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You’ve probably apologized many times in your life. When we apologize (and when we actually mean it), it’s important to be direct and own up to our mistakes. However, it’s hard to do this properly because our instinct is to protect our ego. We want to maintain our self-image so much that, when we say sorry, we often end up doing more harm. Poorly stated apologies, at best, have no effect. At worst, they can actually increase hurt, anger, or even escalate the problem.

On the other hand, an effective apology can mend wounds, patch up a relationship, and reduce the tension in a toxic environment. So, what does a good apology sound like? What are the important points to hit?

Luckily, researchers have discovered the elements of a good apology. Next time you screw up, be like Justin Bieber and say sorry more effectively using the following tips:

  1. Clearly state what you are sorry for. No fluff or explanation. For example, “Hi Blake, I’m sorry that I said that you weren’t capable.”
  2. Express regret for what happened. Keep it simple. “I understand that my statement wasn’t warranted” or “I feel awful for having said that”.
  3. Acknowledge the expectation, law, or social norm that you violated. If you were late for a pivotal meeting say, “I know it’s not acceptable to be late to these meetings.” Or, if you get caught talking behind someone’s back say, “Sorry, Blake, I shouldn’t be talking behind your back. It’s wrong and it’s totally unacceptable at the office, or anywhere for that matter.”
  4. Recognize the impact of your mistake, if you know it. If you don’t, leave this portion out as it’s dangerous to share how you think a situation may have affected someone. If you get it wrong, you risk making the situation worse. Continuing our example from point 3, you might say, “I understand that hearing me question your abilities made you feel unfairly criticized, and I’m sure that didn’t feel great.”
  5. Offer to repair the situation. If you were trying to make up with Blake, you could say, “So, all of that said, I was hoping I could take you to lunch and we could spend a bit of time getting to know one another.”

If you really want to step up your apology skills, make sure to avoid these common apology pitfalls:

  1. Making excuses! Don’t say things like “I really didn’t mean it when I said…” or “I did x because Sally did y…”. It lessens the effectiveness of the apology by making you sound insincere.
  2. Shifting blame. Avoid saying things like “I’m sorry you were offended” or “I’m sorry the group felt like I was out of line”. Doing this shifts the blame onto others and can really backfire as most people pick up on this type of weak apology.
  3. Casting doubt on others’ experience of the situation or questioning what transpired. For instance, don’t say, “I’m sorry if that’s what really happened yesterday.” If the apology goes well, then the two parties can discuss how things went down, but not before.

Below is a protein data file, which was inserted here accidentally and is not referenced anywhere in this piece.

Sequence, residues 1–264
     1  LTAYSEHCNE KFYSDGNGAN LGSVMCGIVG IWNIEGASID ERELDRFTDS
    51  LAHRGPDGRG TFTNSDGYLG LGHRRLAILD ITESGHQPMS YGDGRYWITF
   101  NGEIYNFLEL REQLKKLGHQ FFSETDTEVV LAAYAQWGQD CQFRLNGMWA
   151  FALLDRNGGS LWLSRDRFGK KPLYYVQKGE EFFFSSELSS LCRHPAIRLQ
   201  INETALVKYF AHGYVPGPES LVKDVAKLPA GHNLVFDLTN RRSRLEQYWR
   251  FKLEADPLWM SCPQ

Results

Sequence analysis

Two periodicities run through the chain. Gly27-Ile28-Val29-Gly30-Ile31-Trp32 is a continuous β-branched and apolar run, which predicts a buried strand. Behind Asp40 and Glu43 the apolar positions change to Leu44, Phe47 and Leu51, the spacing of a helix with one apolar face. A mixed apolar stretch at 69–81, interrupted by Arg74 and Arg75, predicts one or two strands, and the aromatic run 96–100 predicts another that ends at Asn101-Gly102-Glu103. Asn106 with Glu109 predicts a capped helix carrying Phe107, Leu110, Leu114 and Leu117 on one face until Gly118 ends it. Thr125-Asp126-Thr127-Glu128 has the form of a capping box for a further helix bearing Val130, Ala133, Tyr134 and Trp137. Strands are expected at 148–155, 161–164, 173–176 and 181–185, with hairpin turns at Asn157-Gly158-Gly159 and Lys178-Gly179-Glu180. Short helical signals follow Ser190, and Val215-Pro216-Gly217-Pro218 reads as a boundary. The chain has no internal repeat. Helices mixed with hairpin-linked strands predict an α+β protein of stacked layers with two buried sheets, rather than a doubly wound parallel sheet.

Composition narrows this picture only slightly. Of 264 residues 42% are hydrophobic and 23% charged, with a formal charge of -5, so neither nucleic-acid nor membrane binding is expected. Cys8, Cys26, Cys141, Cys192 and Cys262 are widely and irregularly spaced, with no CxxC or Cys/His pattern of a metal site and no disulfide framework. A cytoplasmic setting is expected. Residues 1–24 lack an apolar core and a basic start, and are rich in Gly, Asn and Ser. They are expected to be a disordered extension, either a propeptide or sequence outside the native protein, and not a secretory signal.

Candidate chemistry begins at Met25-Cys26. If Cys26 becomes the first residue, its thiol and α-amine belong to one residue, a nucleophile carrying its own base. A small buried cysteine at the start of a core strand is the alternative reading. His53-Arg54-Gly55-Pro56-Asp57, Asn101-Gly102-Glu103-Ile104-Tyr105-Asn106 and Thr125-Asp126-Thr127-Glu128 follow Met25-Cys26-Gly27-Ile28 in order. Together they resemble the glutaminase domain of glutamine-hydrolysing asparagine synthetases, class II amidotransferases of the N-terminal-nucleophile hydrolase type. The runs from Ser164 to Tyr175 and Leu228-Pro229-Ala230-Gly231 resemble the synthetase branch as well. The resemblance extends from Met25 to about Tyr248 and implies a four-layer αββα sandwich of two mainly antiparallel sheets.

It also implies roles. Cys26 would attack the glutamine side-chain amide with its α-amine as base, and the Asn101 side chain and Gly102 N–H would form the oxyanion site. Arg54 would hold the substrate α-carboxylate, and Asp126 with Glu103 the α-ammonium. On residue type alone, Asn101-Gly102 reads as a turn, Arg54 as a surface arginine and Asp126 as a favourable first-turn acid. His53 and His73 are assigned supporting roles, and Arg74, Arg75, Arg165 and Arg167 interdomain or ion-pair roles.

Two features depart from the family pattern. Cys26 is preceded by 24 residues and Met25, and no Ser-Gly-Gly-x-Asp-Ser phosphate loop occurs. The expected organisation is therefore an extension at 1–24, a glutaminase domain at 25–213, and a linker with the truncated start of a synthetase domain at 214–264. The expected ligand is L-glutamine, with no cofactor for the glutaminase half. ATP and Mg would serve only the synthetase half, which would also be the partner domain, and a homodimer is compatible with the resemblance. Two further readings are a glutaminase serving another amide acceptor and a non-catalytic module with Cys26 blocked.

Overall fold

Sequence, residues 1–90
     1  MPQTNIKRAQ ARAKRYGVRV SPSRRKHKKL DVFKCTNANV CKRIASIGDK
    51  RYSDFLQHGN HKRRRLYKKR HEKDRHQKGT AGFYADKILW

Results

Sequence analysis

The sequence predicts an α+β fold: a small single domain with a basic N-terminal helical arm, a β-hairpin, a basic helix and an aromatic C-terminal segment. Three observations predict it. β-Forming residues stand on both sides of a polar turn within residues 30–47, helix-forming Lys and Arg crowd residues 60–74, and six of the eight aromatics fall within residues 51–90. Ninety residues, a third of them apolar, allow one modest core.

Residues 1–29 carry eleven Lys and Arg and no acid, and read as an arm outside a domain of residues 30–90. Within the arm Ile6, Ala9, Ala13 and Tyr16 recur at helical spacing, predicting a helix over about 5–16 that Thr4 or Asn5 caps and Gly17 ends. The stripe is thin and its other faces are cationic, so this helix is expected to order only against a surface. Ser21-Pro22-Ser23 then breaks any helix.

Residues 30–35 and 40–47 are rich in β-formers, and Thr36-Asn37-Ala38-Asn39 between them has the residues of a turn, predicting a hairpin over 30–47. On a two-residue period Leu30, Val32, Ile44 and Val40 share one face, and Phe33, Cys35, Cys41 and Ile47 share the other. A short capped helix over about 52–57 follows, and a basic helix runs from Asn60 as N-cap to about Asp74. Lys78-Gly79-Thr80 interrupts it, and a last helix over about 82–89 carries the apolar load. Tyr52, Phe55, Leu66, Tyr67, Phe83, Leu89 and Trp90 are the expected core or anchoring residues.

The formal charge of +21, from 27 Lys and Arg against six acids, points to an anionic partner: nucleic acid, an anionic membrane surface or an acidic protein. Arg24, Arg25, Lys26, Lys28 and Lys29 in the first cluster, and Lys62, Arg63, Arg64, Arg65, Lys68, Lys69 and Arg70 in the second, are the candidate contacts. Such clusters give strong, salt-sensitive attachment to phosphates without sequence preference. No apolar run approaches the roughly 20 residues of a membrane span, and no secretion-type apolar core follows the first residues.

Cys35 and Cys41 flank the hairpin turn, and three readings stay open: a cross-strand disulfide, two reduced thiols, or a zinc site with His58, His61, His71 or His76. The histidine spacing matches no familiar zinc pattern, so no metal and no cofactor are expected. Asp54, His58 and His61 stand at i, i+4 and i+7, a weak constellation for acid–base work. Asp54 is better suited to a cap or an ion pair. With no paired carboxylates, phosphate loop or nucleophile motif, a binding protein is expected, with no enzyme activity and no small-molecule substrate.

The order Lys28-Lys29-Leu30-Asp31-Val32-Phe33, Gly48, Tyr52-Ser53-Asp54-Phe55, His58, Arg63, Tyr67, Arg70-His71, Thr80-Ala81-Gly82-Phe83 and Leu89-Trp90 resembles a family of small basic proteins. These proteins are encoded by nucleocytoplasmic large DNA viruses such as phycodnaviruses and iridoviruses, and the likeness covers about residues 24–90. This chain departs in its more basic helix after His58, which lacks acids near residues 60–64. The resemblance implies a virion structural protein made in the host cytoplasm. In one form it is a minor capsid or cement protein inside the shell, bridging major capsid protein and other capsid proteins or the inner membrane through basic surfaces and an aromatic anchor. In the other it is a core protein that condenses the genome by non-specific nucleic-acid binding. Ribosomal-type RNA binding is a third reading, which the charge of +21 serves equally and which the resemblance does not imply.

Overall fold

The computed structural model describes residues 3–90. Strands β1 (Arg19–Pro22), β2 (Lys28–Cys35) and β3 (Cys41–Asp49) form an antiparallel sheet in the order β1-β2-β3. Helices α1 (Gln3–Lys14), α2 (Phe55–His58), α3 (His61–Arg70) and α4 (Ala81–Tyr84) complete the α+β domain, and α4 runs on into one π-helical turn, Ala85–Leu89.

4. Using past behaviour to justify current behaviour. Sometimes you’ll hear someone say, “I’m sorry, but it was okay when I was growing up.” That might be the case. It might even be valuable to discuss it after the apology. However, during the apology, refrain from talking about how things used to be or others may question whether you really get it.

Next time you make a mistake, use the guidance above and land your apology.  

Bellrock is a change management firm that specializes in implementation and getting results. If you enjoyed this article, consider sharing it with your networks.

The post I’m Sorry! The Do’s and Don’ts of a Good Apology appeared first on Bellrock Benchmarking Inc..

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If you are experiencing the mid-career crisis, you are not alone. In 2004, Blanchflower and Oswald (and the Gallup organization in 2008) studied psychological well-being as it relates to age. What they found is a u-curve, with well-being bottoming out around age 50 and then increasing to its peak when people reach their 80’s. A similar study on career satisfaction found a similar curve: career well-being seems to bottom out around age 40.

Reasons for the Curve

Early in one’s career, options are endless. In Grade 12, I distinctly remember deciding to take physics, chemistry, and calculus, even though I hated all of them, just to “keep my options open”. I also remember graduating from university and being told by an omniscient 26-year-old to, “Choose your first job wisely. It will determine your whole career.” I ended up selling pest control door to door. But that’s another story.

The fear of missing out is exacerbated today when we see how many people frequently change jobs and careers over the course of their work life. The temptation is to do the same, but changing too  often can prevent us from achieving the valuable depth of expertise that comes with practice. Inevitably some doors must be closed as a career progresses. Yet, when one makes a choice, there can be a sense of regret or loss about the path not chosen.